This summary of age discrimination law in China has been prepared by Fangda Partners, the Ius Laboris affiliate for China: www.fangdalaw.com
There is no law on age discrimination in the People’s Republic of China (PRC). Age and other types of discrimination are generally prohibited by laws and regulations at various levels. In practice, age discrimination draws little attention in the area of employment, and employers have wide discretion in setting out the age threshold for any job positions, as long as it is not against child labour protection laws. Outside of the area of employment, age discrimination usually draws the public’s attention to the general social treatment of old people.
Overall, age discrimination in PRC still remains a premature concept both legally and socially, though the general awareness of it and any of any other factors upon which discrimination could be based, has been gradually increasing along with the progress of people’s economic wellbeing.
Currently, most discussions on age discrimination are mainly related to employment.
WHAT ENFORCEMENT/REMEDIES EXIST?
An employee or job candidate who is a victim of age discrimination has the right to file a civil lawsuit against the employer. Having said that, in practice, it is difficult, if not impossible for the plaintiff to succeed in such a lawsuit mainly because (i) the plaintiff faces difficulties in demonstrating that he/she was discriminated against by the defendant, and (ii) there is no legal provision or practical guidance setting out the specific elements for the determination of age discrimination.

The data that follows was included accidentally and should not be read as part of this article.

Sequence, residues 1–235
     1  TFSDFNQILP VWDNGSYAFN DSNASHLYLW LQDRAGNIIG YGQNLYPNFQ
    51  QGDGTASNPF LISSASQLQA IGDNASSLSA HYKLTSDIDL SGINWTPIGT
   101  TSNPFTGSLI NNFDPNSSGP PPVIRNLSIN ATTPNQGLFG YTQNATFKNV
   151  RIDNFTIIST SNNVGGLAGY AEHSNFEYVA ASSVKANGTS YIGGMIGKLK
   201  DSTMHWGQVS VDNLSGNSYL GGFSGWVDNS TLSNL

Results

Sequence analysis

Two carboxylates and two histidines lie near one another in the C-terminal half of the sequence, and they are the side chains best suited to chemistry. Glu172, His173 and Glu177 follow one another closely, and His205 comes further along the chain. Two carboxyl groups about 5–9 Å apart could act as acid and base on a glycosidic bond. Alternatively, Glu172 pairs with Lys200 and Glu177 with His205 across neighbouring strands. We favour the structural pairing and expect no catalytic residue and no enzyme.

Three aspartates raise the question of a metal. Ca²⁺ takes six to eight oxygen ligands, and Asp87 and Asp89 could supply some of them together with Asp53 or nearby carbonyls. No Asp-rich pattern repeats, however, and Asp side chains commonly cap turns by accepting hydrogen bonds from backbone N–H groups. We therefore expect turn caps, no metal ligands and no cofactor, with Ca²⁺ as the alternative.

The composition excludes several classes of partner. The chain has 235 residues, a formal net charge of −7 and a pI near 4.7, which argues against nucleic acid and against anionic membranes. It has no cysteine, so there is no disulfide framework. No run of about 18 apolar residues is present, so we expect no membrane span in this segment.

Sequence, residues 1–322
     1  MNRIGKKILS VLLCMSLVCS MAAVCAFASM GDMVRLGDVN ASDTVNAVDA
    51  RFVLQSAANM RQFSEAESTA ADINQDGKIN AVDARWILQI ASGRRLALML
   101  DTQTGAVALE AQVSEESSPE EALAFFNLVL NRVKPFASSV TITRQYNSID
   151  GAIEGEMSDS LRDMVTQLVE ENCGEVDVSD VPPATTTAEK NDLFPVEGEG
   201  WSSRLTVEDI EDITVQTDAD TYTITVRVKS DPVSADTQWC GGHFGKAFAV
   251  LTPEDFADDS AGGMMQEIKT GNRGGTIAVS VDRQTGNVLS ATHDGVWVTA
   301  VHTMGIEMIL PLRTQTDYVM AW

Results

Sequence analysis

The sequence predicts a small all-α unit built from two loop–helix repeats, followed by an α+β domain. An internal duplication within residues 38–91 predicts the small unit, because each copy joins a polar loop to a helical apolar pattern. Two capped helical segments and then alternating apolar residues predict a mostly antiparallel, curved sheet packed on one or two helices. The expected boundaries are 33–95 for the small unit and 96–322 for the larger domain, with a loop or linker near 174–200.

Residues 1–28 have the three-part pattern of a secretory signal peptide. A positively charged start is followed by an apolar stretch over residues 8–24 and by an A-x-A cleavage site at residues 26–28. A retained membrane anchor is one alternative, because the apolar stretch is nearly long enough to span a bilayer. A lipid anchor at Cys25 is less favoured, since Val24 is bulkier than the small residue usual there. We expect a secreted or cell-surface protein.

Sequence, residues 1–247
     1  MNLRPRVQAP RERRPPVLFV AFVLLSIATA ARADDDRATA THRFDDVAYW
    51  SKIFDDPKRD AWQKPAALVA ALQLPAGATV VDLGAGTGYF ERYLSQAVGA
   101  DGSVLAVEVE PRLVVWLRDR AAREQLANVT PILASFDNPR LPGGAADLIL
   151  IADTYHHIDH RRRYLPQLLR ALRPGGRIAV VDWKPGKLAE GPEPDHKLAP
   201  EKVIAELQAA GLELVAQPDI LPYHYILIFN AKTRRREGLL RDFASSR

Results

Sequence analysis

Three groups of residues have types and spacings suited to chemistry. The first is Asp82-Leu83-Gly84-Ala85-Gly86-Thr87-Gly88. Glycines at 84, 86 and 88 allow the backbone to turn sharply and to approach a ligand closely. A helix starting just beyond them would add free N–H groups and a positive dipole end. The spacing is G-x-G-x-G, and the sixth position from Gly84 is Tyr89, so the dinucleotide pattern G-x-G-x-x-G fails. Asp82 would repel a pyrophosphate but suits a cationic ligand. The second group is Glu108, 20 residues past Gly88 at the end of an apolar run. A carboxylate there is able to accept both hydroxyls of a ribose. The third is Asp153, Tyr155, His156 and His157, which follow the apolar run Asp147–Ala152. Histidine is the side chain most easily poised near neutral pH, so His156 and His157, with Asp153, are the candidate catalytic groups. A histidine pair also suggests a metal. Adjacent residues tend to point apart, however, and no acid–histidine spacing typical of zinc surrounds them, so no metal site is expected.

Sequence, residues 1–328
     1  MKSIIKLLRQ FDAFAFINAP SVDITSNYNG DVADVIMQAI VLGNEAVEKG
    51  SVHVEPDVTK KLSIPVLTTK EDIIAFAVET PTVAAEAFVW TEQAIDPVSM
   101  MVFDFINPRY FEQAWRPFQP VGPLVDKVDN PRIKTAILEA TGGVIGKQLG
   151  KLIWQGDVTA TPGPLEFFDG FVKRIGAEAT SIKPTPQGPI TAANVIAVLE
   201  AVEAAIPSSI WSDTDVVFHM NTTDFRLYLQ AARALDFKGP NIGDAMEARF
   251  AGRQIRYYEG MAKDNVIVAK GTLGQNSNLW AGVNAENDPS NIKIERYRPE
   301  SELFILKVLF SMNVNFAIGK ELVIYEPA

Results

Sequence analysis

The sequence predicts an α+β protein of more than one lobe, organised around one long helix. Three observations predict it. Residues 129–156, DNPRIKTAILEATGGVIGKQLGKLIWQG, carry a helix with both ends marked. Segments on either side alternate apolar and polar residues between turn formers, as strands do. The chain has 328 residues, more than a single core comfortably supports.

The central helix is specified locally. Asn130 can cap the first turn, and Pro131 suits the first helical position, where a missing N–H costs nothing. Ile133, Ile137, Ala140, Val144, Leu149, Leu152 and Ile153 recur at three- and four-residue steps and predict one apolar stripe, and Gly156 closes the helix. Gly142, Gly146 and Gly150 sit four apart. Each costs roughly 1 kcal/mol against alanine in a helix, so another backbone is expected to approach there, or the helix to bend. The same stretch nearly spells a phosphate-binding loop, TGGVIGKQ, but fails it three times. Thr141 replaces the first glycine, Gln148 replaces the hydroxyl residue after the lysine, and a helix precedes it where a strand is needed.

Criminal or administrative sanctions are not applicable for age discrimination.
HOW COMMON ARE CLAIMS?
Claims concerning age discrimination are rare in China, mainly because of the lack of specific legal protection and the lack of awareness.
Currently, the legal retirement age for men is 60 and 50 for women or 55 for employees with managerial or technical roles.
Extension of the retirement age has been under frequent discussion in recent years, there is however no clear schedule as to when a new law will be enacted.
In early 2005, Mr. Jiahai Liu sued the Justice Department of the Guangxi Zhuang Autonomous Region for age discrimination. Mr. Liu registered himself for the public service examination with the aspiration of passing it and becoming a public servant (government employee) of the said Justice Department, but his registration was cancelled as he was older than the set age threshold. With discontent caused by the fact of not being able to be a public servant, Mr. Liu filed a lawsuit against the Justice Department. Though there is really in question in regards to the adjudication of the case (the Court dismissed the case on the ground that Mr. Liu sued the wrong entity, as the age threshold was set by the Human Recourse and Social Security Department rather than the Justice Department), it is the first publicly reported case where age discrimination served as the cause of action.